WELCOME TO THE ST LUKE’S HOSPITAL HERITAGE PROJECT 2015

This is the research website of the Guildford Union Workhouse, Guildford War Hospital, Warren Road Hospital and St Luke’s Hospital. – Click on recent posts to find out our latest news…………

Patient making a phone call from bed

“Is that the hospital project? I have a story to tell about a very cheeky nurse….”

VISIT OUR EXHIBITION AT  THE SPIKE:

      From Workhouse to Hospital – the story of St Luke’s

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THE SUN SHONE FOR THE SEASIDE EXTRAVAGANZA!!

Miss Spottiswoode would have let the workhouse children see Punch and Judy, we hope..

Miss Spottiswoode would have let the workhouse children see Punch and Judy, we hope..

From The Surrey Mirror  May 31st 1884

From The Surrey Mirror May 31st 1884

Fairtrade stall at the Seaside Extravaganza

Fairtrade stall at the Seaside Extravaganza.

Stall at Seaside Extravaganza

"Do you think we have enough cakes?"

“Do you think we have enough cakes?”

Seaside Extravaganza200

LATEST REVIEW ON TRIPADVISOR………

We had intended to visit the National Trust’s Clandon Park just outside Guildford – only to discover it had recently burnt down. This was a last minute change of plan but we were so glad we went. It gave a fascinating and at times shocking perspective on life at the other end of the social spectrum. Our guide was superb – knowledgeable and interesting. The short mini-drama on DVD was a little masterpiece – well scripted and acted. We wished it lasted longer and wanted to find out what happened to the characters portrayed. This is a must see if you’re in the area.  A big ‘thank you’ to our superb tour guides Gordon and Dennis for making this visit a really special one! This was the result of a visit in June 2015, but if our guests had visited in June 1940, what would they have seen?

June 1940 – DUNKIRK REMEMBERED……

..Image result for dunkirk troops returning home

The mass evacuation, code named Operation Dynamo, is remembered in the news this month, 75 years on from that momentous event.  The hospital at Warren Road played an important role as a ‘transit’ hospital for the short-term treatment of casualties evacuated from Dunkirk. The car park became a sea of stretchers with wounded soldiers laying end to end, waiting to be admitted to a ward.

This is an extract from an article written in 1955 by Brigit Coyle who was working as a ward sister at the time……….

In 1940, at fifteen hours’ notice, we had to admit 700 casualties from Dunkirk, and every available space in the annex, main hospital and the House, was packed with beds to meet this crisis. The terrible burns received by some of those boys who had been rescued from a sea of burning oil, and who remained with us for many months, are still a ghastly memory.”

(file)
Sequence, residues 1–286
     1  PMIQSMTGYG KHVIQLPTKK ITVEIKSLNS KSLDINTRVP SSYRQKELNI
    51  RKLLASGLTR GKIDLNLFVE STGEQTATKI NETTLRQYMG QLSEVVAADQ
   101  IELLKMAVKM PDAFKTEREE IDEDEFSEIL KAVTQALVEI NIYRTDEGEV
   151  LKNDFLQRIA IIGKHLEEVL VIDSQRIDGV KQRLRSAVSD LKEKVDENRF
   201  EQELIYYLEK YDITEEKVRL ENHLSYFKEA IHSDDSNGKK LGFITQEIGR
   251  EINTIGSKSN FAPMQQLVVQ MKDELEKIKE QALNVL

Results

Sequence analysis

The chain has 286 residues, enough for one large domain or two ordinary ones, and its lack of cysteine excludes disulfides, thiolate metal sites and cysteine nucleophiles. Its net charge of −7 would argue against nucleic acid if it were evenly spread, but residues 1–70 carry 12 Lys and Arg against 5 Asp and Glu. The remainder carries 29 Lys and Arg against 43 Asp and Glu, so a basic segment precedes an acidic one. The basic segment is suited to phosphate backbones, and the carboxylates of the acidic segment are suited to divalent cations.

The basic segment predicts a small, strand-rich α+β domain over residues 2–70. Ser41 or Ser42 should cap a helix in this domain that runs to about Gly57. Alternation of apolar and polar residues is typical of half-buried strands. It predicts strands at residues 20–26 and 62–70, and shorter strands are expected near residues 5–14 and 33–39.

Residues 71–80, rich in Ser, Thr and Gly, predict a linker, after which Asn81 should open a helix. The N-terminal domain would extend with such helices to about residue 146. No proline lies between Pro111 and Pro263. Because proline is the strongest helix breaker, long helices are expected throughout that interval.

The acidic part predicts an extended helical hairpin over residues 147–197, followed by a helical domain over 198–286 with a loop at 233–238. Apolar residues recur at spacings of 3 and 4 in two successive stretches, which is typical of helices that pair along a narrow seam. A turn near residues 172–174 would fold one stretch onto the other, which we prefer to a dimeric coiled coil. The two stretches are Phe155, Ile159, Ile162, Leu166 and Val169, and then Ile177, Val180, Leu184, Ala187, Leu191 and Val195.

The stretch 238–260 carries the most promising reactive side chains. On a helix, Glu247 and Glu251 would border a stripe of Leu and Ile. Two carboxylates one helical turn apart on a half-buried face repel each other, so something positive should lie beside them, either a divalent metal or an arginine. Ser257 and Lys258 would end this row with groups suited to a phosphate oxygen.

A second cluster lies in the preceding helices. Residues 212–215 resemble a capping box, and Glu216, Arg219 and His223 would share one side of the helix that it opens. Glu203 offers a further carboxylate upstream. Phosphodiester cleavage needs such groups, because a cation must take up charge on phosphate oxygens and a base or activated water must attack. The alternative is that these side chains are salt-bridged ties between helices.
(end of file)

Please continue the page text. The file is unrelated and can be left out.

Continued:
NEW RESEARCH PROJECT – GUILDFORD’S SCATTERED HOMES

Can you spot the workhouse boys?

Can you spot the workhouse boys?

A class of boys at the Central School, Guildford 1901. The scattered homes were ‘distributed’ across the town so that no more than 12 children attended any of of the local schools.

From 1903, orphans and needy children, often with parents in the workhouse, were separately housed with ‘Foster Mothers’ in residential properties around Guildford.   In fact there were seldom more than 12 children, either all boys or all girls (from the ages of 4 to 14 yrs) in each house.  This segregation led to families being further separated by age and sex of siblings. The houses were overseen by the Board of Guardians and under the day to day control of the Master of the Workhouse who employed a Superintendent and Matron as well as relief Foster Mothers. The administration was based at the Warren Road Receiving Home adjacent to the Workhouse, later known as the Homestead.Properties were rented on the corner of Addison and Cooper Road, in Woodbridge Road, Springfield Road off York Road, Recreation Road and two other homes that we are currently trying to locate.

We would be very interested to hear from anyone with a family connection or knowledge of children who were looked after in these homes.  Some children were sent to Canada, or to sail-training ships and industrial schools.  There are some fascinating life histories to uncover and we would be delighted to welcome any fellow researchers who have an interest in this field.  Recently, Radio 4 broadcast a programme on Scattered Homes and we hope to give this topic a local perspective.

Please contact our researcher Liz Lloyd on ealloyd@uk2.net for more information!

Image 3.13 Addison Rd WWI Dr 004 (1)

Addison Road in Charlotteville , early 1900′s when Scattered Homes were first organised by the Board of Guardians.

 ….now and back to our Exhibition – still going strong for another season at the Spike……………..

but no 'arm done!(Take a peep behind the scenes here.)

FOR A FULL APPRECIATION OF OUR RESEARCH, CLICK ON ‘ARCHIVES’ above AND AT THE BOTTOM OF THE PAGE, CLICK ON ‘OLDER POSTS’ . Or use the search facility, of course!

Copyright: Charlotteville Jubilee Trust 2014/2015